my bio

here’s the long version of the bio i wrote for the sxsw book:

In no particular order, Alison Headley has had the following jobs: waitress, web designer, photographer, secretary, babysitter, jewelry designer, seamstress, bartender, golf course builder, cashier, technical writer, maid, hostess and copy editor.  She has owned one dog, lived in two cities, driven three cars, occupied four apartments, had five hair colors, and visited six foreign countries.  Her college degree in creative writing has yet to be very useful, but sure was a lot of fun to earn.  She has two tattoos and ten piercings, and has never, ever eaten an olive. She wishes she were six feet tall.

a list

of things ryan has watched on television while, next to him on the couch, i sleep as though i am dead:

a dave chapelle standup routine
my so-called life
slc punk!
when harry met sally
garden state

sxsw made me tired.

what’s your expertise?

tuesday night at sxsw, i wandered around bruce sterling’s party rather aimlessly.  i’d started out giving michael a fake tour of the house, describing everything to him as though i lived there.

“here’s my kitchen.  we eat breakfast here sometimes.”
“that’s not usually where i keep the garbage can.”
“my stove.  i used to have this plastic tupperware box to keep sandwich bread in.  one time i forgot that the stove was still hot, and i put the box lid on it by mistake.  there was melted plastic all over the place!”

in the living room we flipped through a book entitled why paint cats: the ethics of feline aesthetics.  “cats aren’t really my thing,” i said.  “someone gave it to me as a gift.”  michael and i agreed that why paint cats was a book we’d both want to own as a bizarre conversation piece, but we wouldn’t pay money for it.

as people do at parties, we eventually went our separate ways.  michael wandered off somewhere, and i went out to the front porch.  there were too many people there–enough to cause the kind of loneliness that’s sometimes worse than the alone kind.  i ran into molly, and we talked for a few minutes (she has an awesome green leather jacket which is the complete opposite of my awesome green leather jacket).  “can i ask you a question?” she said.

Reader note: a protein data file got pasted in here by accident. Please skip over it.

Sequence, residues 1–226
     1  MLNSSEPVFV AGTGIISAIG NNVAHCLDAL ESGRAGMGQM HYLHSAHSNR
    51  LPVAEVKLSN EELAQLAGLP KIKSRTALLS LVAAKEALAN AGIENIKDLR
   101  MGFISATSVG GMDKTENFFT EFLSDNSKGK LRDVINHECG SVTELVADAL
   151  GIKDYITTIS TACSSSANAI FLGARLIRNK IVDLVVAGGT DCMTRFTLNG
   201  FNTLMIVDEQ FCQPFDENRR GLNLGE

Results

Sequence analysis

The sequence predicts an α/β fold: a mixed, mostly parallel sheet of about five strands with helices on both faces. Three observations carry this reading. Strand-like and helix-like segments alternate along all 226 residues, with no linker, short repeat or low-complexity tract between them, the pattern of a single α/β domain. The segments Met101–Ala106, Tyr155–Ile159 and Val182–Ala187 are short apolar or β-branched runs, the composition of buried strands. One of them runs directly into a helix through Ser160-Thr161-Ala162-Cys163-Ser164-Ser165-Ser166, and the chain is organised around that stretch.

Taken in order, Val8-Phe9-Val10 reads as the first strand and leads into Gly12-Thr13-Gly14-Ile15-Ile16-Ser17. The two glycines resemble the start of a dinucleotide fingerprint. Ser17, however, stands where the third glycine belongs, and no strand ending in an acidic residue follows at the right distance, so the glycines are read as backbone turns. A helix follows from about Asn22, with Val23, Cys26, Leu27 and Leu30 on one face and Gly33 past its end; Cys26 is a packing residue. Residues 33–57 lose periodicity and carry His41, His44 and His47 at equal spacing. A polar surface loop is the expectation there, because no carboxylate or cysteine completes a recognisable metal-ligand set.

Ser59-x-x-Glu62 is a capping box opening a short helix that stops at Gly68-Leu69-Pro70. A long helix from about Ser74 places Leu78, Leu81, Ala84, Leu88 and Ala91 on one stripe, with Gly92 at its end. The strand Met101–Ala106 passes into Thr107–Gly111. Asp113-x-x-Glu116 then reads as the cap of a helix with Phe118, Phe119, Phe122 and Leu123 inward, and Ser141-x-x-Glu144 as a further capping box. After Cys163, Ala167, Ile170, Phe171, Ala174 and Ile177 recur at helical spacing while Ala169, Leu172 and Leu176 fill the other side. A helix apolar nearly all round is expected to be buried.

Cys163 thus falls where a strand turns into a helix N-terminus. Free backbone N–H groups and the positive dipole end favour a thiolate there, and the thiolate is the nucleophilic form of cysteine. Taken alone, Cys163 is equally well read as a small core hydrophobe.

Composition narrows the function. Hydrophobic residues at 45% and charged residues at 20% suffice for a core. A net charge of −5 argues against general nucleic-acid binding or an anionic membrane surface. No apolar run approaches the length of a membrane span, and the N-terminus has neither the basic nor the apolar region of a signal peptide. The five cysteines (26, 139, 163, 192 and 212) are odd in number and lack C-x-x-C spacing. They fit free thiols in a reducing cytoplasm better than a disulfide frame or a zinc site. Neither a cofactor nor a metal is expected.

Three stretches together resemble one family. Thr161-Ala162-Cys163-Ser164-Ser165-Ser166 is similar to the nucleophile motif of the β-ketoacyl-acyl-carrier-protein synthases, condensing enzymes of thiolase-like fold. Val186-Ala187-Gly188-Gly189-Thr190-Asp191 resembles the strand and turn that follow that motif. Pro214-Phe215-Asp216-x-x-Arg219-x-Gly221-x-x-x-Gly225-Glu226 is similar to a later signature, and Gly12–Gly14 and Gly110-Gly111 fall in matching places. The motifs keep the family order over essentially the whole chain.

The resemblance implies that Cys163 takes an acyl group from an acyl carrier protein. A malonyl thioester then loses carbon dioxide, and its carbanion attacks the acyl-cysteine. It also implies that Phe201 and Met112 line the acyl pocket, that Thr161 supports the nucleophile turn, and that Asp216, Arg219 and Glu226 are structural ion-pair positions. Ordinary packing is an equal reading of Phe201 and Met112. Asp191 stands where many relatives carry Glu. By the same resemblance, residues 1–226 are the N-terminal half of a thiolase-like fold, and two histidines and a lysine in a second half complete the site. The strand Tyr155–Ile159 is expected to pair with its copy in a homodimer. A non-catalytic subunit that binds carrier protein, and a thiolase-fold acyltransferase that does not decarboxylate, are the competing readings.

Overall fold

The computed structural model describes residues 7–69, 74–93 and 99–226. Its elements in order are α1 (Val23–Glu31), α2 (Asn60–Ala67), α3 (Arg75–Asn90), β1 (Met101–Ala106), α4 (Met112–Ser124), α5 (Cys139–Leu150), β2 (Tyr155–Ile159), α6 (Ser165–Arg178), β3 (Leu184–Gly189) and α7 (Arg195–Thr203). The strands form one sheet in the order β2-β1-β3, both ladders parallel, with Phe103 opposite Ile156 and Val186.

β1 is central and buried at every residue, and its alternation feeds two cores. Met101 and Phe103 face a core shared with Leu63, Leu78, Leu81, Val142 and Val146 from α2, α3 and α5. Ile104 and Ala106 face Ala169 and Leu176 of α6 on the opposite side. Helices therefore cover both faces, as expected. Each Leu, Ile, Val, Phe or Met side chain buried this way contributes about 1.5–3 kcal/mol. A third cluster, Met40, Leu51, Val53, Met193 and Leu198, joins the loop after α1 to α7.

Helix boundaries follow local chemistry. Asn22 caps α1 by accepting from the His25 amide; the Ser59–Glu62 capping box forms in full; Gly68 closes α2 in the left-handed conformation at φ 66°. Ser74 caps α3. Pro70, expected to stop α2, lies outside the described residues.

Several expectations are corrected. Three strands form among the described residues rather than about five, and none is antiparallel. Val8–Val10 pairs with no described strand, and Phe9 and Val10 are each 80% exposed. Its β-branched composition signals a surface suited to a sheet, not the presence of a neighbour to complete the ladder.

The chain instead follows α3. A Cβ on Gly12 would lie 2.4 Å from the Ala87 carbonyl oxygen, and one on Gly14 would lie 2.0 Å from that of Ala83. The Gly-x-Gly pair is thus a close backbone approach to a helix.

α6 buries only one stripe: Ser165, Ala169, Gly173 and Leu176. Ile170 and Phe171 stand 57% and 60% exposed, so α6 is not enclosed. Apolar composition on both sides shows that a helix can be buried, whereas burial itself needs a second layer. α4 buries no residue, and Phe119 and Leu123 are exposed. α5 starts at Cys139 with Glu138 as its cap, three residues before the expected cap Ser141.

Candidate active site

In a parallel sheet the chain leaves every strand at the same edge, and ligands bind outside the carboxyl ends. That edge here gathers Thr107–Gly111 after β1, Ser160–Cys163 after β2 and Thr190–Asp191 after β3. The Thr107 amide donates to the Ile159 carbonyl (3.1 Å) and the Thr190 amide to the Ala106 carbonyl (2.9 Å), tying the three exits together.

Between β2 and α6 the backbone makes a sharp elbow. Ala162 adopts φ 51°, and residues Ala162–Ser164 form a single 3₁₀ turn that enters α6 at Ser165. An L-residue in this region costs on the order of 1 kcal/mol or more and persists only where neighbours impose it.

“sure,” i said.

“it’s a personal question, it’s not web-related.”


“what’s one thing you know a lot about that nobody ever asks you about?”

“oh!” i said, surprised.  i’d been expecting the worst, as i do whenever someone asks for permission to ask me something.  but it was an interesting question, one i’d not thought about before.  i was quiet for a moment.

molly smiled.  “i like this question because everyone has to think about it before they answer, and every time someone answers it i learn something new.”

“it’s a good question,” i said.  “i guess it’d be the x-files, but more specifically x-files screenwriters.  sometimes i can tell who wrote an episode just by watching it.  also abstract expressionism, particularly the career of philip guston.”

molly was so excited about my answers to the question that i got excited about it, too, and after we talked about screenwriting for a minute, she and ari and i asked some other people the question:

ari:  navajo indians
colin:  being the child of hippies
jeff:  making spaghetti sauce while watching mafia films.
kevin:  said he would think about it.  may still be thinking about it.
molly:  urban planning in germany in the 1920s
nick:  skateboarding
rusty:  aerodynamics
zack:  12th and 13th century mongolian history

i was surprised and delighted by every answer we received.  i’d forgotten that people are three-dimensional that way.

i spend most of my time at home or at work.  when i’m at home i read or make jewelry or do stuff on the internet, and there’s not a lot of human interaction.  when i’m working at the restaurant, i talk to customers or the other waiters.  i’ve known most of the waiters for a long time, and i love them dearly, but it’s more a function of solidarity than of common interests.  as much as i love my coworkers, i don’t feel like they understand much of what i say.  i self-censor a lot.

as a direct result of these things, i don’t feel like i belong anywhere.  of late i’ve started to lose valuable parts of myself that don’t really have a place in my everyday life.  that’s why sxsw this year made me so happy.  i’d forgotten that i can be smart and funny and well-read and interesting.  i’d forgotten that there are people like me who know what i mean and get my jokes.  i’d forgotten that i’m three-dimensional, too.

yesterday, finally, i applied for a job.